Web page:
My first instinct was to go deeper on physical inputs — to measure sleep in more granularity (REM, deep, getting up to go to the bathroom), and to measure type of and time of day for exercise. But I soon realised this focus on physical inputs was exactly the issue — they were easier to measure, but not necessarily the factors that mattered most. In other words, I was focusing on the wrong things.
More recently, I decided to try to measure directly what was going on in my own head: my mood. I used a simple scale of 1 to 5, taking the average of the day, a 5 being extremely positive and a 1 extremely negative. My thinking was that better moods would correlate closely with these occasional “great days” I’d experienced — days with more clarity of thought, more energy, more empathy. And if the quality of time spent on those days was higher, I would accomplish more. All I had to figure out was how to manufacture more of those days.
I compiled the results of these observations, along with the additional physical metrics, on a chart and looked for correlations (see below — physical inputs are indexed). My initial reaction was frustration. The only conclusions were glaringly obvious: a day of heavy drinking tended to correlate with low mood the following (note the grey valleys following red peaks); and steady exercise and low drinking during the week tended to correlate with low mood volatility. Had I done all this work to conclude I shouldn’t drink too much and should have a stable weekly routine?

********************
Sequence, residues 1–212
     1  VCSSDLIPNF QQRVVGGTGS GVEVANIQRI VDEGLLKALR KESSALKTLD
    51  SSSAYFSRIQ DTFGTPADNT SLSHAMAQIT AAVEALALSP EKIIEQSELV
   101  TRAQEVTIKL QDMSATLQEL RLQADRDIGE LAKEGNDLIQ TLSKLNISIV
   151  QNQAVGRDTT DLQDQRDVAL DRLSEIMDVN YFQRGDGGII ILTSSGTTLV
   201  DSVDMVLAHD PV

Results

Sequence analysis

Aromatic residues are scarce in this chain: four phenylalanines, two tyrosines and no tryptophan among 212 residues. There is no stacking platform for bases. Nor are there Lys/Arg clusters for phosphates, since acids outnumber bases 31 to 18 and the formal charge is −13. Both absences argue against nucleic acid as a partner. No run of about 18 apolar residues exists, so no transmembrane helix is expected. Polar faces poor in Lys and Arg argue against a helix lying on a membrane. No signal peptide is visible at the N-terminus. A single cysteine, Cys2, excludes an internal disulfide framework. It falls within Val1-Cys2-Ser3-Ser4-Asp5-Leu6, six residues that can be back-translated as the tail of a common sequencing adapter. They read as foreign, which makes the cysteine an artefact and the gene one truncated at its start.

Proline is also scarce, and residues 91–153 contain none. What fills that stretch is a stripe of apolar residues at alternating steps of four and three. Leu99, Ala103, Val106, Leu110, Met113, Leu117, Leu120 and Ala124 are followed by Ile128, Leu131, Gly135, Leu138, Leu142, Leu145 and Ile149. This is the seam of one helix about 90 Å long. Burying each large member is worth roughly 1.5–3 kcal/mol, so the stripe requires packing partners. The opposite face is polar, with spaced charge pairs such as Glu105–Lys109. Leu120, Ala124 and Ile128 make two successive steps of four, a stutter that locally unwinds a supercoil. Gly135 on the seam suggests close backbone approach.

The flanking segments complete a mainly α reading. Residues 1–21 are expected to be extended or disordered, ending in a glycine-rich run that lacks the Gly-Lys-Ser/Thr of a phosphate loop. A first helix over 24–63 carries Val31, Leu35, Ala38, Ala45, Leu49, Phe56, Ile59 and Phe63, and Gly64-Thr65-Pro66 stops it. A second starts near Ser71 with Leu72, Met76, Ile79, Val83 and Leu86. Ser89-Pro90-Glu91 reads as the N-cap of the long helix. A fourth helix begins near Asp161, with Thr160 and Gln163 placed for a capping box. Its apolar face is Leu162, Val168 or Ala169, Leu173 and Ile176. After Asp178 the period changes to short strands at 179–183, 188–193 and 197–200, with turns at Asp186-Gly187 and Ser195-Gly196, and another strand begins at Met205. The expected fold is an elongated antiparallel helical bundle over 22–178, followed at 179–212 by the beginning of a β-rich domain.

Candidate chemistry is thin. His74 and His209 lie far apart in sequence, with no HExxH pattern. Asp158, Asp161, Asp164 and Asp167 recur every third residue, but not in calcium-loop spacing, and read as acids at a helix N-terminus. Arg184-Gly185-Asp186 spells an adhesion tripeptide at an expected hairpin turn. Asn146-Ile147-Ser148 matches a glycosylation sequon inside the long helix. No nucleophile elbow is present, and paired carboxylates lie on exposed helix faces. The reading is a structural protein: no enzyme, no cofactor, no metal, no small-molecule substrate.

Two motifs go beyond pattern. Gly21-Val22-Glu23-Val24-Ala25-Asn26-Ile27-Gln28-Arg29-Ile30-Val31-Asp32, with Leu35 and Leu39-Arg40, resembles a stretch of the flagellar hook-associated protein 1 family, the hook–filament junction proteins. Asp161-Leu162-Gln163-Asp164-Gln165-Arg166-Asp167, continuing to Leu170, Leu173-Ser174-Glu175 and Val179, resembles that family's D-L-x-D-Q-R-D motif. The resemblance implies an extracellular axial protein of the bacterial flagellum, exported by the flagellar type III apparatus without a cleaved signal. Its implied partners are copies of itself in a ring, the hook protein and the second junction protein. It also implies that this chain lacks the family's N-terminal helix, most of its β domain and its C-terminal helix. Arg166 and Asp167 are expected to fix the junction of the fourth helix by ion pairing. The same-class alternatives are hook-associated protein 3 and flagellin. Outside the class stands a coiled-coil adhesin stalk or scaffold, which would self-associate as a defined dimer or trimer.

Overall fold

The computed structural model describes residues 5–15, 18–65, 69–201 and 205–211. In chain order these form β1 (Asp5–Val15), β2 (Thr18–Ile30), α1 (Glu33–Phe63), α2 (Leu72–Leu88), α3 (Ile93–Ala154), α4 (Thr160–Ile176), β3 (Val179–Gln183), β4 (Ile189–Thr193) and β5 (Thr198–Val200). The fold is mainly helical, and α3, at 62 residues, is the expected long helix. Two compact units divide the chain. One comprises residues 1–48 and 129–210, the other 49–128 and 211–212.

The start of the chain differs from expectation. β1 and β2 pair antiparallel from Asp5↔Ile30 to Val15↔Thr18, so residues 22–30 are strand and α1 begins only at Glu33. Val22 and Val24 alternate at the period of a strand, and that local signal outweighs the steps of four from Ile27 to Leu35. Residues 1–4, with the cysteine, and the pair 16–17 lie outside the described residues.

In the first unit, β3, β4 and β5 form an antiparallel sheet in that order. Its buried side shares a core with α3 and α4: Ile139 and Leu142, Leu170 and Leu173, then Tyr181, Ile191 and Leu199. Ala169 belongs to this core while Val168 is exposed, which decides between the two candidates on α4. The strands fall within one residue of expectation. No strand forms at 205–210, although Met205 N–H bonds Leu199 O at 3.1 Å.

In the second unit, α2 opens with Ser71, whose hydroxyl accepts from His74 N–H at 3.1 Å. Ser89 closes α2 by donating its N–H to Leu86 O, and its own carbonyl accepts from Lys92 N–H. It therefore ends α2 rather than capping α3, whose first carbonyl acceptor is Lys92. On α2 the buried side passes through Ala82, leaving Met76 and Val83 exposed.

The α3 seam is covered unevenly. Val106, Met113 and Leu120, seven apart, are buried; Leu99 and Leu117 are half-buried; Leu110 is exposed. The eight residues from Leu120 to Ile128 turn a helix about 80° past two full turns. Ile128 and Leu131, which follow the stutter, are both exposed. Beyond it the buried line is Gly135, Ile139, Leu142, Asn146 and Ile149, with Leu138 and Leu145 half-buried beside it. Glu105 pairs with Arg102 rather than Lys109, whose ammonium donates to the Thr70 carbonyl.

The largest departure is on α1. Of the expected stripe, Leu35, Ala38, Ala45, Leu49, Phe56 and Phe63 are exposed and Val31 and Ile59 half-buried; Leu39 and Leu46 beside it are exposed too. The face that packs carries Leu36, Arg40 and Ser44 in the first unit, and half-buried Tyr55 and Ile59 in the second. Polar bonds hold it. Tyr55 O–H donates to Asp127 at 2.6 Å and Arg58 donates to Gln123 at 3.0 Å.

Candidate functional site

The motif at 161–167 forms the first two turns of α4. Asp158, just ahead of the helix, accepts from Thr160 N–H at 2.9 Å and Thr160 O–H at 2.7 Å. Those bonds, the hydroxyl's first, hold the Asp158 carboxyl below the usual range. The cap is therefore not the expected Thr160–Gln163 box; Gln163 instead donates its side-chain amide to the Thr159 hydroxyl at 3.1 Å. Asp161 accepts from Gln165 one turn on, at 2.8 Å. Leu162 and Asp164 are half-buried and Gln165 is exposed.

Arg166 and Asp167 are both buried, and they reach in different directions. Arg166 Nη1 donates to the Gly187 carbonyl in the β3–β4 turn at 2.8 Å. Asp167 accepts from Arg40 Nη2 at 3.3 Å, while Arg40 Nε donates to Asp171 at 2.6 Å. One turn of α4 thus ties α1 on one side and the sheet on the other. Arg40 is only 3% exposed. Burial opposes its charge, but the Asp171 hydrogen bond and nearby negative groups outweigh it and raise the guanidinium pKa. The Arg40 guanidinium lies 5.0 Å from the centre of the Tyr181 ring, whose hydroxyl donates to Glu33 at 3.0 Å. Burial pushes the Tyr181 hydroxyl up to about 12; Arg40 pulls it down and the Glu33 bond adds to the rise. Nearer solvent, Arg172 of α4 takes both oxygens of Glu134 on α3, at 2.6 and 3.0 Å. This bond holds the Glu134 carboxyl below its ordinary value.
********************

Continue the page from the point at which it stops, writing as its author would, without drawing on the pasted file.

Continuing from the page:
But the data told only part of the story. Pouring through the daily notes I had written alongside the data, looking at the drivers beneath the daily results and the trends between days, there were more subtle conclusions to be made.
The first observation was that mood was driving output, but output was also driving mood. A day that began poorly could become a great day if something important was accomplished, something new was learned, or both. No wonder I was seeing such a strong correlation between how I felt and what I was getting done, the relationship seemed to be mutually reinforcing. It also meant that negative trends had the potential to be reversed; I could manipulate my days into becoming productive or stimulating, and in the process feel better about them.